Formal vs. Informal Default in Consumer Credit
This paper studies informal default in consumer credit as the start of a process of negotiation with the lender. We consider an economy with uninsurable individual risk where households in debt have also the option of declaring formal bankruptcy. In a calibrated version of the model, informal defaulters are notably wealthier, have lower income, and hold more debt than formal defaulters, an implication consistent with the evidence. Quick settlements are achieved often, with limited discounts. Protracted negotiations feature individuals disaving before they reach agreement or declare bankruptcy. Allowing for negotiations raises default rates but substantially improves welfare as it provides greater insurance opportunities. Thus lowering the cost of informal default, as opposed to that of formal default, raises welfare and dampens consumption volatility. A tighter exemption improves welfare as the bargaining option mitigates the adverse effect on insurance via formal bankruptcy. Attempts at limiting collection outside bankruptcy reduce the incidence of bankruptcy but lower overall welfare.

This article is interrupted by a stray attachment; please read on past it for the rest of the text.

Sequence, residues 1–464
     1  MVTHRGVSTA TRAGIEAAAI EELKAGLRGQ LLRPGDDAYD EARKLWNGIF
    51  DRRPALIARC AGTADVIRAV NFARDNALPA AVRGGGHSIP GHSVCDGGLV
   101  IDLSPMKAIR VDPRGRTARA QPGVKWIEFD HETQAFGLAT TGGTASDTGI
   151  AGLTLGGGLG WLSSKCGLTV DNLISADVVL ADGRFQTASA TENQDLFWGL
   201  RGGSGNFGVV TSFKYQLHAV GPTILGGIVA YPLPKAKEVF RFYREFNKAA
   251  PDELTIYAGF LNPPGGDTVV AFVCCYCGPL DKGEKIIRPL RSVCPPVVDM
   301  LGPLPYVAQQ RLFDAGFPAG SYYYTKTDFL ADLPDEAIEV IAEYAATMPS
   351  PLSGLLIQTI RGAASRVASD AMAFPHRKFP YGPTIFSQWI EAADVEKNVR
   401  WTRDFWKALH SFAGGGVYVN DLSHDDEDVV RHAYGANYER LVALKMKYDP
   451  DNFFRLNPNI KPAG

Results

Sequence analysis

|Date of creation:||2012|
|Date of revision:|
|Contact details of provider:|| Postal: Society for Economic Dynamics Marina Azzimonti Department of Economics Stonybrook University 10 Nicolls Road Stonybrook NY 11790 USA|
Web page: http://www.EconomicDynamics.org/
More information through EDIRC
Please report citation or reference errors to , or , if you are the registered author of the cited work, log in to your RePEc Author Service profile, click on "citations" and make appropriate adjustments.:
- David Benjamin & Mark L. J. Wright, 2009. "Recovery Before Redemption: A Theory Of Delays In Sovereign Debt Renegotiations," CAMA Working Papers 2009-15, Centre for Applied Macroeconomic Analysis, Crawford School of Public Policy, The Australian National University.
When requesting a correction, please mention this item's handle: RePEc:red:sed012:144. See general information about how to correct material in RePEc.
For technical questions regarding this item, or to correct its authors, title, abstract, bibliographic or download information, contact: (Christian Zimmermann)
If references are entirely missing, you can add them using this form.